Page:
Education Secretary Michael Gove has announced £1.9 million funding for four projects which employ former armed forces personnel to improve educational achievement among pupils disengaged with education.
He said that the four organizations would support the Government’s commitment to improve education for all pupils.
They will instill teamwork, discipline and leadership in pupils through mentoring, outward bound activities and other group exercises, and therefore improve their self-belief, attainment and behavior, both inside and outside of the classroom.
Evidence shows that the attainment of pupils in alternative provision lags far behind that of other children.
Figures from the Department show that last year, only 1.5 per cent of pupils in alternative provision managed five or more GCSEs at grades A* to C, including English and maths – about 40 times worse than their peers in mainstream education.
Education Secretary Michael Gove said:
Every child can benefit from the values of a military ethos. Self-discipline and teamwork are at the heart of what makes our armed forces the best in the world – and are exactly what all young people need to succeed.
The four projects are: Commando Joes’ in Cheshire; Challenger Troop in Tunbridge Wells, Kent; SkillForce in Newcastle; and Knowsley Skills Academy in Prescot which are already helping pupils from some of the UK’s most deprived areas.
Trainers work closely with teachers, schools and parents to develop and use activities aimed at improving engagement with education and attainment.
- one-to-one mentoring skills to help address potential behavior issues and keep pupils committed to their education;
- military-style obstacle courses to engage and motivate hard-to-reach pupils and help them understand how to transfer the elements which helped them succeed into the classroom;
- a mix of indoor and outdoor team-building exercises with an educational focus to encourage discipline, leadership, teamwork and good behavior;
- working with schools and other agencies to re-integrate pupils who are not in education, employment or training and prepare them for post-16 courses or jobs; and
- helping primary school children in their transition to secondary school through building their self-confidence.
Tony Hollingsworth, Director of Knowsley Skills Academy said:
Knowsley Skills Academy has been working with some very disadvantaged young children for four years. We are very excited and welcome the opportunity to work with the Department for Education to help them take advantage of the benefits of a military ethos and in so doing, help them achieve an excellent education.
Peter Cross OBE, CEO of SkillForce, said:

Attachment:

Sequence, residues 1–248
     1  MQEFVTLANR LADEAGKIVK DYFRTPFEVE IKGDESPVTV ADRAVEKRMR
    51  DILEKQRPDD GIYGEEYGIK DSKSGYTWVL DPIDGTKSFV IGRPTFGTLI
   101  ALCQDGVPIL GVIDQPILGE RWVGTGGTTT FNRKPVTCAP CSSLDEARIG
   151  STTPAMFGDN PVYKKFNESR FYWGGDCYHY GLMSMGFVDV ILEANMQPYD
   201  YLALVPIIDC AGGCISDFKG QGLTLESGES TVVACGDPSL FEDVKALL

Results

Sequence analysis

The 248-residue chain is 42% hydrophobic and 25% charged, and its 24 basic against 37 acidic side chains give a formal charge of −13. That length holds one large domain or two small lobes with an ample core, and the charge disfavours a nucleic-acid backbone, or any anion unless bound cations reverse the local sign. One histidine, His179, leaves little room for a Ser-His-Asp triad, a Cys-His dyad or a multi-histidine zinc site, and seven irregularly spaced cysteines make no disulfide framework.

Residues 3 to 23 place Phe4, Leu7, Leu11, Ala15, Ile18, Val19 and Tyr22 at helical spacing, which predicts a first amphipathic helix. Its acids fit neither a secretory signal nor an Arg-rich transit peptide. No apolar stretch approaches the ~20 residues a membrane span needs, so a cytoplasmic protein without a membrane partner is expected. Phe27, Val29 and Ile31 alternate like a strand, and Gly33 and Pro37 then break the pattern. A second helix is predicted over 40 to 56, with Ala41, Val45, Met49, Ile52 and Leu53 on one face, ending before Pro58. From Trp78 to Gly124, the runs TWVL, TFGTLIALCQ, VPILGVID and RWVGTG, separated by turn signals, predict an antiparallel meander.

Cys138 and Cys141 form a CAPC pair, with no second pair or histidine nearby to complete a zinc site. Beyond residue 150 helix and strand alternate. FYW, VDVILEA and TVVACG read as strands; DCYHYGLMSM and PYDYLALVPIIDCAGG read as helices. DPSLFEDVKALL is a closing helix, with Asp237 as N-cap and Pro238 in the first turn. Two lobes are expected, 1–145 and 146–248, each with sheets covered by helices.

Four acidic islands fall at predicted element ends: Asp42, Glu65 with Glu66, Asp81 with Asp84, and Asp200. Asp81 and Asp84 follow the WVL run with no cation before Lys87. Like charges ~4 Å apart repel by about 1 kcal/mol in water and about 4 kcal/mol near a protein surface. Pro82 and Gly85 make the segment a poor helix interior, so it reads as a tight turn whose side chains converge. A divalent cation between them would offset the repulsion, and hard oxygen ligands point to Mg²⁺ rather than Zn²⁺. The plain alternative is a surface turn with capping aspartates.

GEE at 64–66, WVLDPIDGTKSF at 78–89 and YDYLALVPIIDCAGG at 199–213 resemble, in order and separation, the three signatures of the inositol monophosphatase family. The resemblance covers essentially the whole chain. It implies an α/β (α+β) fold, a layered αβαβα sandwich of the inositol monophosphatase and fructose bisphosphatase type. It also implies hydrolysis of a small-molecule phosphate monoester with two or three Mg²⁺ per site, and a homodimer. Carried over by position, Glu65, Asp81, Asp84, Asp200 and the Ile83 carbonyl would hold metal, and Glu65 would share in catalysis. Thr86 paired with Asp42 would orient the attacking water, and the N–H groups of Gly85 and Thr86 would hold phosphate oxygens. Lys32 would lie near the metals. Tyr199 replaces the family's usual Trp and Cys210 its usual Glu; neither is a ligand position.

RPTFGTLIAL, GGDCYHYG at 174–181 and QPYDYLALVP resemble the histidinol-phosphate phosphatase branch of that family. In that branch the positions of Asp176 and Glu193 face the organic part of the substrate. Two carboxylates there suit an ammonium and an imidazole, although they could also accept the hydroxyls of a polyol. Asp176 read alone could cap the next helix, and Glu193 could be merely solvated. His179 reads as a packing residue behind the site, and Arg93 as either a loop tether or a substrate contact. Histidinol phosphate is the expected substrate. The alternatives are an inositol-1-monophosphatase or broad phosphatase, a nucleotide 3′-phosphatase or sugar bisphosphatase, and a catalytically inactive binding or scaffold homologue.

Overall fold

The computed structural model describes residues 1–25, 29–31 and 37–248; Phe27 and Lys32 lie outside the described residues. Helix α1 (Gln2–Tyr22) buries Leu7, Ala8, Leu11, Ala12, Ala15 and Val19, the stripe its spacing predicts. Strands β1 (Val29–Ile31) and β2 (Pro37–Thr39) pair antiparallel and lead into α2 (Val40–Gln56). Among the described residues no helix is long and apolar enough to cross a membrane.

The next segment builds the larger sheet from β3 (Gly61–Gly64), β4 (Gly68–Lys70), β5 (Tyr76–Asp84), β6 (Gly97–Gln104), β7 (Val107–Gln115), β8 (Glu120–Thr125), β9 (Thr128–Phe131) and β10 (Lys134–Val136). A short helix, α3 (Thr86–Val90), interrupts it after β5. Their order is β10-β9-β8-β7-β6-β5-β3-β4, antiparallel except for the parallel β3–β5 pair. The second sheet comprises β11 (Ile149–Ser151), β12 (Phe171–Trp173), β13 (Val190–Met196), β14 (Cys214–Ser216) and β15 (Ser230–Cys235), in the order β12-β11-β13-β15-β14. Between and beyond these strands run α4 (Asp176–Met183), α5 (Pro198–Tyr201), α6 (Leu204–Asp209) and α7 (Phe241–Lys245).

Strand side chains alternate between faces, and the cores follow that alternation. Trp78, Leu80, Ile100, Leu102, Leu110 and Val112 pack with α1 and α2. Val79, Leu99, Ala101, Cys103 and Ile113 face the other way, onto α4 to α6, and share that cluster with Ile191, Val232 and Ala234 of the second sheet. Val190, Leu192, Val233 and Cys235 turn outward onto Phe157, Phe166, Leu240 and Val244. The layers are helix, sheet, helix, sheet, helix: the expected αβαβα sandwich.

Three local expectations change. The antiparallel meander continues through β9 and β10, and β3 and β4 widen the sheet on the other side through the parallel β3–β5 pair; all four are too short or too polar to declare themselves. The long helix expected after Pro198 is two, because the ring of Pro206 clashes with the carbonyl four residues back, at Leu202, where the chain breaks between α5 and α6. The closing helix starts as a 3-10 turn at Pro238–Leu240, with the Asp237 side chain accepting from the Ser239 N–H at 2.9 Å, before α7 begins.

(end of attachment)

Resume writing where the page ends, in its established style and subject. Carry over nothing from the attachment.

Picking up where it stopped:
Our vision is that every young person, whatever their background or ability, is given the chance to fulfill their true potential and become a valued member of their community. We are working with the Department for Education to promote the benefits of a military ethos in school to support young people.
Mike Hamilton, Director of Commando Joes’, said:
We have been working with disadvantaged, vulnerable pupils and young people at risk of exclusion for several years now and our aim has always been to provide them with the best opportunities and strategies to cope and engage in everyday situations – situations that they often find difficult and challenging. Being able to team up with the Department for Education is fantastic and we are looking forward to being able to work alongside teachers in schools to roll-out the Commando Joes’ military ethos. We hope to give many more pupils the opportunity to take advantage of the benefits thus helping them to achieve an excellent education.
Simon Dean, founder and chief executive of Challenger Troop CIC, said:
We are delighted to be given this opportunity to help a greater number of young people. We see first-hand how our programs make a positive impact on a young person’s attitude, equipping with them with the skills to make a positive contribution to themselves and their community.
Many headteachers working with the projects are already reporting that some of the hardest to reach pupils are engaging in lessons, including literacy and maths, and are now less likely to be excluded.
Keith Marden, former, headteacher of Sherwood Primary School, in Tunbridge Wells, Kent, said:
Challenger Troop provided a wealth of stimulating and motivational activities for all 24 children taking part in the six-week program. Many of the children suffer emotional and behavioral difficulties which makes school very demanding for them. However, the excitement, engagement and enjoyment of the program was inspirational and led to much improved attitude and behavior at home and at school.
Kate Constant, acting principal of Stanley Grove Primary Academy, in Manchester, said:
The work that Commando Joes’ has done in our school has not only motivated pupils to engage in the classroom, but has encouraged a greater sense of team work, tolerance and a willingness to challenge themselves, enabling them to reach their full potential. The sessions are loved by the pupils and staff alike.
Mark Midgley, deputy headteacher of South Shields Community School in Tyne and Wear, said:
SkillForce has had a major contribution to the learning, progress, achievement and inclusion for all of the students that they have worked with across the Key Stage 3, 4 and 5 within South Shields Community School. The partnership work they have developed has had a significant impact whilst enriching the learning journey of many students through raised aspiration and self esteem programs of study.
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